Making AI in our own image is a mistake

This article by Fiona J McEvoy (YouTheData.com) was originally posted on All Turtles.

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When the Chinese news agency Xinhua demonstrated an AI anchorperson, the reaction of the internet was predictably voluble. Was this a gimmick or a sign of things to come? Could the Chinese government literally be turning to artificial puppets to control the editorial content of the country’s news channels? Are we careening towards a future where the humans and humanoid bots are indistinguishable?

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If internet trolls are cybercriminals, can AI stop them?

This article by Fiona J McEvoy (YouTheData.com) was originally posted on All Turtles.

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In May 2017, the WannaCry ransomware attack made international headlines. The breach (which was later linked to North Korea) used leaked NSA tools to target businesses that were running outdated Windows software. WannaCry wreaked havoc by encrypting user data and then demanding  Bitcoin ransom payments. Hackers gave victims 7 days to pay, threatening to delete the files of those who wouldn’t comply.

Though a “kill switch” was ultimately discovered, the attack affected over 200,000 business in 150 countries. It has been estimated that WannaCry caused hundreds of millions – and perhaps even billions – of dollars of damage.

Despite the alarm and headlines associated with it, the WannaCry attack was neither unique nor especially surprising. In today’s connected world we have almost become accustomed to these types of hostile acts. Yahoo. Equifax. Ashley Madison. The list goes on.  Technology has catalyzed big changes to our conception crime, and while the word still attaches itself to physical infringements like theft and assault, “crime” now captures a broad range of clandestine activities, including so-called cybercrimes.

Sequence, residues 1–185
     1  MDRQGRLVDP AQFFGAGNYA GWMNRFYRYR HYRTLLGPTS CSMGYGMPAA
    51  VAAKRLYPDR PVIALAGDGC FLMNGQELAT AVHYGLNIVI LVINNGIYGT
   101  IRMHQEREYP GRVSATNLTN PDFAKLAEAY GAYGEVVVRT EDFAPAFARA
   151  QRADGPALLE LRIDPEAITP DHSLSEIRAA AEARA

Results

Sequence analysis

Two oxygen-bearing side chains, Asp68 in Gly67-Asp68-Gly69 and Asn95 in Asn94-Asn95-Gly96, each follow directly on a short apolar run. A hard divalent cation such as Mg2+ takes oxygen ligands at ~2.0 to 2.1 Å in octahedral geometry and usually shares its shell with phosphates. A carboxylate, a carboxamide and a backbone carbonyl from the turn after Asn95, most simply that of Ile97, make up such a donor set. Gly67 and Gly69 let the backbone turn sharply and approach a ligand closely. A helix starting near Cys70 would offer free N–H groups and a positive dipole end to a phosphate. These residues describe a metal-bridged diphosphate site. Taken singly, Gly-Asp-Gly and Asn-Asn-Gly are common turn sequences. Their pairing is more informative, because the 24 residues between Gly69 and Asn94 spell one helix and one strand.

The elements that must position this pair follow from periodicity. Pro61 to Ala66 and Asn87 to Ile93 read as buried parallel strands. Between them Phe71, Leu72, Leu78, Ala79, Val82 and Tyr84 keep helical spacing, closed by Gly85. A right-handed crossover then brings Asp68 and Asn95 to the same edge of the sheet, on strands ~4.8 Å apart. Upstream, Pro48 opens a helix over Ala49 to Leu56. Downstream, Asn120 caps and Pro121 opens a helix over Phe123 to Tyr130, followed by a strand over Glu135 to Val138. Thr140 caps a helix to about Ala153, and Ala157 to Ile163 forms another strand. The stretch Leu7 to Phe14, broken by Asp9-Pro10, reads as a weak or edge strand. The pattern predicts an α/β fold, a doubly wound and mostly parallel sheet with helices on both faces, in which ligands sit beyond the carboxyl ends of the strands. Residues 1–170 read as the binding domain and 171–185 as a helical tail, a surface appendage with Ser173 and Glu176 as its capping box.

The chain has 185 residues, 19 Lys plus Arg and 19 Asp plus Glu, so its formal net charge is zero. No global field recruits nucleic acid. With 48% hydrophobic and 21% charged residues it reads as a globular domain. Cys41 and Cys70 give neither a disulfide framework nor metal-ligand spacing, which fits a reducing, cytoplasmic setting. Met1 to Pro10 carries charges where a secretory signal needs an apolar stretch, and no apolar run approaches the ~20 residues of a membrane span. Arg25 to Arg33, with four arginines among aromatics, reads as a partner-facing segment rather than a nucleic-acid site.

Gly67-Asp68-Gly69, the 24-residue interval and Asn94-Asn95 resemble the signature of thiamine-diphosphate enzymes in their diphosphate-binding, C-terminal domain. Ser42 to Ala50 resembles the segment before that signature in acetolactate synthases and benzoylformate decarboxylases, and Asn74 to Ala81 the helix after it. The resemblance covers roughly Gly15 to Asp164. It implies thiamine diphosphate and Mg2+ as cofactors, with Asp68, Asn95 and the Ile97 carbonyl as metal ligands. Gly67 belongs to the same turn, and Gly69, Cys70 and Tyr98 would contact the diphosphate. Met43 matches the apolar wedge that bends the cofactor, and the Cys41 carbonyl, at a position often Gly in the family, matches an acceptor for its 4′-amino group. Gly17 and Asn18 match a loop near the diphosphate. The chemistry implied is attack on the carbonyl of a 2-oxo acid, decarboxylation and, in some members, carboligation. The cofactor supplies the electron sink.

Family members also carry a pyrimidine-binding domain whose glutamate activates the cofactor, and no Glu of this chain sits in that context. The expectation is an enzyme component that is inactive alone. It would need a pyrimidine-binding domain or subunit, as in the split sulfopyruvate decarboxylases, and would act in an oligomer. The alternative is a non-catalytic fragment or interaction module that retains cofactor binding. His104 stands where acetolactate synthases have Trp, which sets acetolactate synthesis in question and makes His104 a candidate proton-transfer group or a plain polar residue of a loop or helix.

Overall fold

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What AI can learn from nature

This article by Fiona J McEvoy (YouTheData.com) was originally posted on All Turtles.

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In designing his famous flying machine, Leonardo da Vinci took inspiration from bird flight. The inventor’s Codex on the Flight of Birds, details their behaviors and makes proposals for mechanical flight that would influence the development of the first modern airplane hundreds of years later.

Birds aren’t the only animals to influence scientific progress. For many years scientists have sought to unlock the extraordinary qualities of shark skin, which has huge advantages for both increasing speed and repelling germs. Recently, Walmart filed a patent for the creation of a swarm of robotic bees which they hope to use for the autonomous pollination of crop fields. Perhaps unsurprisingly, the humble original is perfectly designed for the task.

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Responsibility & AI: ‘We All Have A Role When It Comes To Shaping The Future’

This article was originally written for the RE•WORK guest blog. This week YouTheData.com founder, Fiona McEvoy, will speak on a panel at the San Francisco Summit

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The world is changing, and that change is being driven by new and emerging technologies. They are evolving the way we behave in our homes, work spaces, public places, vehicles, and with respect to our bodies, pastimes, and associates. All the time we are creating new dependencies, and placing increasing amounts of faith in the engineers, programmers and designers responsible for these systems and platforms.

As we slowly begin to delegate tasks that have until now been the sole purview of human judgment, there is understandable trepidation amongst some factions. Will creators build artificially intelligent machines that act in accordance with our core human values? Do they know what these moral imperatives are and when they are relevant? Are makers thoroughly stress-testing deep learning systems to ensure ethical decision-making? Are they trying to understand how AI can challenge key principles, like dignity and respect?

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The Negative Feedback Loop: Technology Needs To Know When It Gets Things Wrong